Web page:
Consider investing in a paint sprayer
If you own a portfolio of properties, or even if you have one property that you like to keep regularly decorated, then a paint sprayer is an investment that can save you time and allow you to achieve an even, professional finish by yourself. Costing anywhere between £50 and several hundred pounds, they can pay for themselves in terms of the time you get back within a few years.
Skirting boards, architraves and doors
For the skirting boards and architraves (the shaped frame around your interior doors), as well as the doors, we’d recommend using white gloss paint, which is easier to wipe down if it becomes dirty.
Water-based gloss will last longer and be less likely to discolour, but it can take weeks to fully dry. If you have tenants in occupation at the time of your re-painting, then oil-based gloss will dry much faster.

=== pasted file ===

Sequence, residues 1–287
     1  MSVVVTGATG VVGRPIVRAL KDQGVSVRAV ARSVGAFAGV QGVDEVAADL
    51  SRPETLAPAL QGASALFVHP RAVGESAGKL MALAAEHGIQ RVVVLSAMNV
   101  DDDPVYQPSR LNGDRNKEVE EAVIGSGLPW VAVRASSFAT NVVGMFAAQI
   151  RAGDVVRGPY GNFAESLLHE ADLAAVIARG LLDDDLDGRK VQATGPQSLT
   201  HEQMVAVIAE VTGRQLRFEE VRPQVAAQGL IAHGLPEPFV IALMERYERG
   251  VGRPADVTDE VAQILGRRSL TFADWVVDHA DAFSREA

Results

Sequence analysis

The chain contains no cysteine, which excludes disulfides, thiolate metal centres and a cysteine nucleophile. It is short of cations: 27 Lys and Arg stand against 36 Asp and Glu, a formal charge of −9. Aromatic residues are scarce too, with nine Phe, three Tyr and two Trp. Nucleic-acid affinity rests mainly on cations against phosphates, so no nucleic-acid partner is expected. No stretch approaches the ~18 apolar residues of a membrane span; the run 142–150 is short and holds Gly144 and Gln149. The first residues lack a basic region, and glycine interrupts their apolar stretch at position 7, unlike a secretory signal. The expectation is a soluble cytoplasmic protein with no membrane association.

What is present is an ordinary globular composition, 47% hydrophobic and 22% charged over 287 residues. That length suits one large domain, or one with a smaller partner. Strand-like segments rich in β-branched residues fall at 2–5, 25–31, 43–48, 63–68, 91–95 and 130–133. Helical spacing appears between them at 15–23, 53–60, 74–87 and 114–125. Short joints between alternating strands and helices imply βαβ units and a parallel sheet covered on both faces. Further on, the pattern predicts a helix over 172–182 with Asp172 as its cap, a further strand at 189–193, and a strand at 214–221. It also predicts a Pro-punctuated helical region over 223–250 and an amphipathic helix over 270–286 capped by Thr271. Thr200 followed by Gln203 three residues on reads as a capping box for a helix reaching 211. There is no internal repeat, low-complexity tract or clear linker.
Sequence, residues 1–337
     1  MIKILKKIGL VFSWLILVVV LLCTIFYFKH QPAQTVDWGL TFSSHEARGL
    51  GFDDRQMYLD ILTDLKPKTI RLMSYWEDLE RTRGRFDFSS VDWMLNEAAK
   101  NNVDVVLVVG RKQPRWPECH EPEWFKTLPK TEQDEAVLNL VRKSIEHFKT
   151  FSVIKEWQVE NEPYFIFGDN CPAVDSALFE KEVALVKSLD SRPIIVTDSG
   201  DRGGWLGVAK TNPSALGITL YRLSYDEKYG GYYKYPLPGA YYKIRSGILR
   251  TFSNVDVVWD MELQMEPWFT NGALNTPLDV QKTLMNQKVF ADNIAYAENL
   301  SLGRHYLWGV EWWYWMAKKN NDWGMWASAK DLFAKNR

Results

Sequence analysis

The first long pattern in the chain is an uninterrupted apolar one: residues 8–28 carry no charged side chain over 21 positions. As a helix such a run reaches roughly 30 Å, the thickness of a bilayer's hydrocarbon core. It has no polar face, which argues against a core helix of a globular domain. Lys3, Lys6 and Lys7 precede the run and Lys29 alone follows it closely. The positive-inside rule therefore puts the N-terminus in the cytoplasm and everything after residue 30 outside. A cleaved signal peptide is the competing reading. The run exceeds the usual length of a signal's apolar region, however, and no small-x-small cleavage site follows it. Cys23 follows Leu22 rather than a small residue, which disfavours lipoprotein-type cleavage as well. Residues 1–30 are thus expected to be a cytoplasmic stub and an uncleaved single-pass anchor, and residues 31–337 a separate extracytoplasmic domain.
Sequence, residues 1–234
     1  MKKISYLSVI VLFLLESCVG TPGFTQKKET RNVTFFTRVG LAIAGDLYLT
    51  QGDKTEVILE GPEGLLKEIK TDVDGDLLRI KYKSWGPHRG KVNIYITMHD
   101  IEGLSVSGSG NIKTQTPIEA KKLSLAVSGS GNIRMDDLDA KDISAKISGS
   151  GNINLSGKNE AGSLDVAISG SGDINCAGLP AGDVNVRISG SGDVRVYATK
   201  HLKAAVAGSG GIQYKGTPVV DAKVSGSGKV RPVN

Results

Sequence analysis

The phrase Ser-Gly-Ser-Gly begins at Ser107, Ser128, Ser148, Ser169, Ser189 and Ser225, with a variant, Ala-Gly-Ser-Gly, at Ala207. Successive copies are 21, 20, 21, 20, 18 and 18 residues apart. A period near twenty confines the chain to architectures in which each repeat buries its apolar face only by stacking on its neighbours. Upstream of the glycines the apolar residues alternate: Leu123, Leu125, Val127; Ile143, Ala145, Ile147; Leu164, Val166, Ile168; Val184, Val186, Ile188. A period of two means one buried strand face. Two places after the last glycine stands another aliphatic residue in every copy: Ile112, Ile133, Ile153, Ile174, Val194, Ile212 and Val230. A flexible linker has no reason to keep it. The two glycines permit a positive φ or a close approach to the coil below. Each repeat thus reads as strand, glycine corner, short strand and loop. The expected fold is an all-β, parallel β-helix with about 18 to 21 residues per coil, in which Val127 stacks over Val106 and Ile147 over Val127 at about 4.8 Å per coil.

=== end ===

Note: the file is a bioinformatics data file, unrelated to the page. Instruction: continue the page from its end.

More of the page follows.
4) Unblocking a sink
As a landlord, you should be aware that there are plenty of responsibilities that fall on your shoulders, as laid out in legislation such as the Landlord and Tenant act 1985. One of these responsibilities is the maintenance and upkeep of the plumbing in the property.
In many cases, such as a seriously clogged outdoor drain, you will need to call on the services of a professional plumber to fix the problem. However there are some small plumbing issues, such as unblocking a sink, that you can do yourself, saving money on the call out and labour fees of a plumber, and keeping your tenants happy by quickly fixing the problem.
How to do it